Today, the Gospel text is about prayer, persistent prayer. What are some ways God answers prayers? Yes, no, wait, I’ve got something better in mind, I’ll help you do it
When Jesus tells a parable, he doesn’t often tell us what it means. In this case, he tells us what it means right up front. He says, Pray continuously (or persistently) and don’t be discouraged.
In the parable, there is a widow who has a legal concern, and judge who refuses to grant her a hearing, much less give her justice. Probably, the widow had an issue about some land, or at least some place to live. For example, it’s possible that a relative had allowed her to live in a house he owned, and now was evicting her. She was about to be homeless.
The judge is so wrapped up in himself and his own importance that he pays no attention to God or to the people of his town. He doesn’t care that justice is denied to a lot of people as long as he maintains his own status.
I chose the image for this week’s worship booklet cover. It’s such a simple drawing, of a woman and the judge who refuses to pay any attention to her. The way he holds his hand up to her says a lot. Don’t bother me! Go away! In the language of young people, it says, Talk to the hand!
The widow pesters and pesters him, everywhere she sees him, until he finally agrees to her demand just to get rid of her.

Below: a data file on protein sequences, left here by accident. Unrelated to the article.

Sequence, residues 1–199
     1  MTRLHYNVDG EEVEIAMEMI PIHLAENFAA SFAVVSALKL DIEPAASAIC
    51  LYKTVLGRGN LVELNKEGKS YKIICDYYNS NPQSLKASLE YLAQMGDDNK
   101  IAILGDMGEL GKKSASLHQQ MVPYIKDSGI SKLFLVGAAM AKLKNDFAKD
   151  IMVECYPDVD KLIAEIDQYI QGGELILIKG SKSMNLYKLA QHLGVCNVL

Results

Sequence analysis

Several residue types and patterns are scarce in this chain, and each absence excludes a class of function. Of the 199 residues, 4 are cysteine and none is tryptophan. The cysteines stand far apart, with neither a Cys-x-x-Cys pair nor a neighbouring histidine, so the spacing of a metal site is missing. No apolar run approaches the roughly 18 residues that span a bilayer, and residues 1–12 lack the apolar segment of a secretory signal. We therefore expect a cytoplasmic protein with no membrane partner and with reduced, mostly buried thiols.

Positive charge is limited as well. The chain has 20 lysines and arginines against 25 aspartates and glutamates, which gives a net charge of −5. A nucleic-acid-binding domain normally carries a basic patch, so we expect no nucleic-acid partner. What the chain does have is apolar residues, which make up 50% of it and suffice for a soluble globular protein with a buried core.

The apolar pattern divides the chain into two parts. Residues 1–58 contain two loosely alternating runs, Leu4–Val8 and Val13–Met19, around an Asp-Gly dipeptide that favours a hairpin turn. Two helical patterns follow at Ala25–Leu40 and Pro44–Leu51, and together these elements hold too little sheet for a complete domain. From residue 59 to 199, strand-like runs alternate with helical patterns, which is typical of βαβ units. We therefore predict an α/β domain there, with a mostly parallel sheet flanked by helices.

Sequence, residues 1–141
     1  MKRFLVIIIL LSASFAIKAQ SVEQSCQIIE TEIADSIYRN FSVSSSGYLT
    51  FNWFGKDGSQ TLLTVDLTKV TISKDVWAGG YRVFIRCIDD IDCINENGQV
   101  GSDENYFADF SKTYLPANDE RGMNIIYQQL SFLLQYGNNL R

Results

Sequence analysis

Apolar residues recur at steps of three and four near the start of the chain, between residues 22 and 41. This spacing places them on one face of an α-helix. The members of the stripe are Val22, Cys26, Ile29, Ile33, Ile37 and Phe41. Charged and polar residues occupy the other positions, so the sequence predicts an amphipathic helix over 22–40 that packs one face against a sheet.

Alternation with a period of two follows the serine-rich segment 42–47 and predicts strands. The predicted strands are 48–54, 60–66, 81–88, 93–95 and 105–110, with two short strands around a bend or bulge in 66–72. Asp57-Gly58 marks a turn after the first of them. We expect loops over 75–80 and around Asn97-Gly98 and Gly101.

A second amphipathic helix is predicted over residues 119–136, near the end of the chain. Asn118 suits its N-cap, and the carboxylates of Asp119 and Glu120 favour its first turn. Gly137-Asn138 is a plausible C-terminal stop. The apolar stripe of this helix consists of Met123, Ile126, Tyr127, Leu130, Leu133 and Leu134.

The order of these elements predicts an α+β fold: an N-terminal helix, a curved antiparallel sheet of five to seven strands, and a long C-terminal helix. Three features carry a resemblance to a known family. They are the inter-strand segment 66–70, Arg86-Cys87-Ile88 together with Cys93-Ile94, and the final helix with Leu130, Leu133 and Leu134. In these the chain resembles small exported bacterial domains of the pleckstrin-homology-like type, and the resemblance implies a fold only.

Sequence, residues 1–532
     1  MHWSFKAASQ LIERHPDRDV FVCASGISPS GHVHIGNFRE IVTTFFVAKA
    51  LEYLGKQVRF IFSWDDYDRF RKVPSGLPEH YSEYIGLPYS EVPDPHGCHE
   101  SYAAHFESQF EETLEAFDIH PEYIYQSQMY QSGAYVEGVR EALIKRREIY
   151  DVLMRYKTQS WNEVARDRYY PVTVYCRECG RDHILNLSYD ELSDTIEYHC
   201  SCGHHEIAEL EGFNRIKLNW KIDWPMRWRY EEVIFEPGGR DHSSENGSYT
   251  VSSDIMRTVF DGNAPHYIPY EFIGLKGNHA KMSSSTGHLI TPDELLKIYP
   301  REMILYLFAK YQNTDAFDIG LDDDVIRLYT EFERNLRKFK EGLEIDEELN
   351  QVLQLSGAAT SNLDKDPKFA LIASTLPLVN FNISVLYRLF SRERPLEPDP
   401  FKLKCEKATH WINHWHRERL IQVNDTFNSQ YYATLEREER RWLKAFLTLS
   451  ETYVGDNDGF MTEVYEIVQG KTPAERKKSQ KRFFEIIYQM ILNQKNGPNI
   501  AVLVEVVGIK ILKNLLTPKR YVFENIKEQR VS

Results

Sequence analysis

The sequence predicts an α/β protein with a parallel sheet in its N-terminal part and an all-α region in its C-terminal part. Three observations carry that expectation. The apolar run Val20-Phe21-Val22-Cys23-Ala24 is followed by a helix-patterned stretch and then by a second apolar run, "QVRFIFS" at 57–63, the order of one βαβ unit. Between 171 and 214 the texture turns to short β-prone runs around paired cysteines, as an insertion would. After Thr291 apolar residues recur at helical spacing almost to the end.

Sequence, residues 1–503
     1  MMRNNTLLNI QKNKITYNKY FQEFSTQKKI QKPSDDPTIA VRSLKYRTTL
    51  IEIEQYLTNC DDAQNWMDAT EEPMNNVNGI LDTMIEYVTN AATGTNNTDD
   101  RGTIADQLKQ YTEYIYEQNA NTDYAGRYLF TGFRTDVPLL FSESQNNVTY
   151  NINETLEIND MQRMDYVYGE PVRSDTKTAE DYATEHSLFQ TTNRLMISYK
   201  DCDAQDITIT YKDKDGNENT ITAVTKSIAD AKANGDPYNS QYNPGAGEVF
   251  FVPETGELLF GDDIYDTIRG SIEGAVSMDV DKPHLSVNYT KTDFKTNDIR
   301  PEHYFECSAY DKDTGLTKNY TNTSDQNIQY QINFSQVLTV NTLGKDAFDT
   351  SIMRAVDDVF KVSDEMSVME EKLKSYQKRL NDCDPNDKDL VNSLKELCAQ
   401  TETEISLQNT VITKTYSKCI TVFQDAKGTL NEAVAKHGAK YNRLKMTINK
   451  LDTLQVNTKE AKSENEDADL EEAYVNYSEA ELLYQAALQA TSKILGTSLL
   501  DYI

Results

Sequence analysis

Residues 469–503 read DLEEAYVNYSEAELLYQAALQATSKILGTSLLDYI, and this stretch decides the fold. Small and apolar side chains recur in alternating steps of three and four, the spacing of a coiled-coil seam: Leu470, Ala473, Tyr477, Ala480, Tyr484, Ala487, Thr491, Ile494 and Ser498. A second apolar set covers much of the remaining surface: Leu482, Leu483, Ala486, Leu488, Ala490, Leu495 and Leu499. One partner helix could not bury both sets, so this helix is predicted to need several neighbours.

As I read this parable, I see two strong contrasts. The judge is an obvious contrast to God, who is always willing to hear our concerns and grant us justice.
The other contrast is the widow. We forget, when we read about this widow, that women are third class citizens in ancient society. They are never to speak directly to men outside their families. They have few rights, despite frequent reminders in scripture that they should be taken care of. The usual image of them is of silent, at-risk women. Naomi, who calls herself bitter, quietly arranges a second marriage for Ruth. The widow at the offering box puts in her last two coins. The widow loses a coin and searches for it with lamp and broom.
This widow, however, steps out of the usual mold. She speaks up, to this man who is not a family member, because he is the only one who can give her what she needs. She never stops asking for what she needs. She is persistent. In the same way, Jesus says, we, too, are to be persistent in asking God for what we need.
Of course, God would never raise a hand to us and say, Go away, don’t bother me! In contrast, all over Israel, and in some parts of the Muslim world, is the image of a hand. This hand symbol was everywhere in Israel. It was printed on T-shirts, sold as jewelry and wall decorations, sun-catchers, bookmarks and stickers.
You have a bulletin insert with two pictures of the hand, called hamsa or hamesh. There are many symbols on the hand, often some Hebrew letters and an eye.
The Hebrew letters are pronounced heh [hay], which means five, as in five fingers. Heh is also one way of referring to God, as part of God’s holy name.
The eye is a talisman against the evil eye, but I like to think of it as God watching over us. We receive good things from God’s hands. The hamsa hand symbolizes all that is good about God.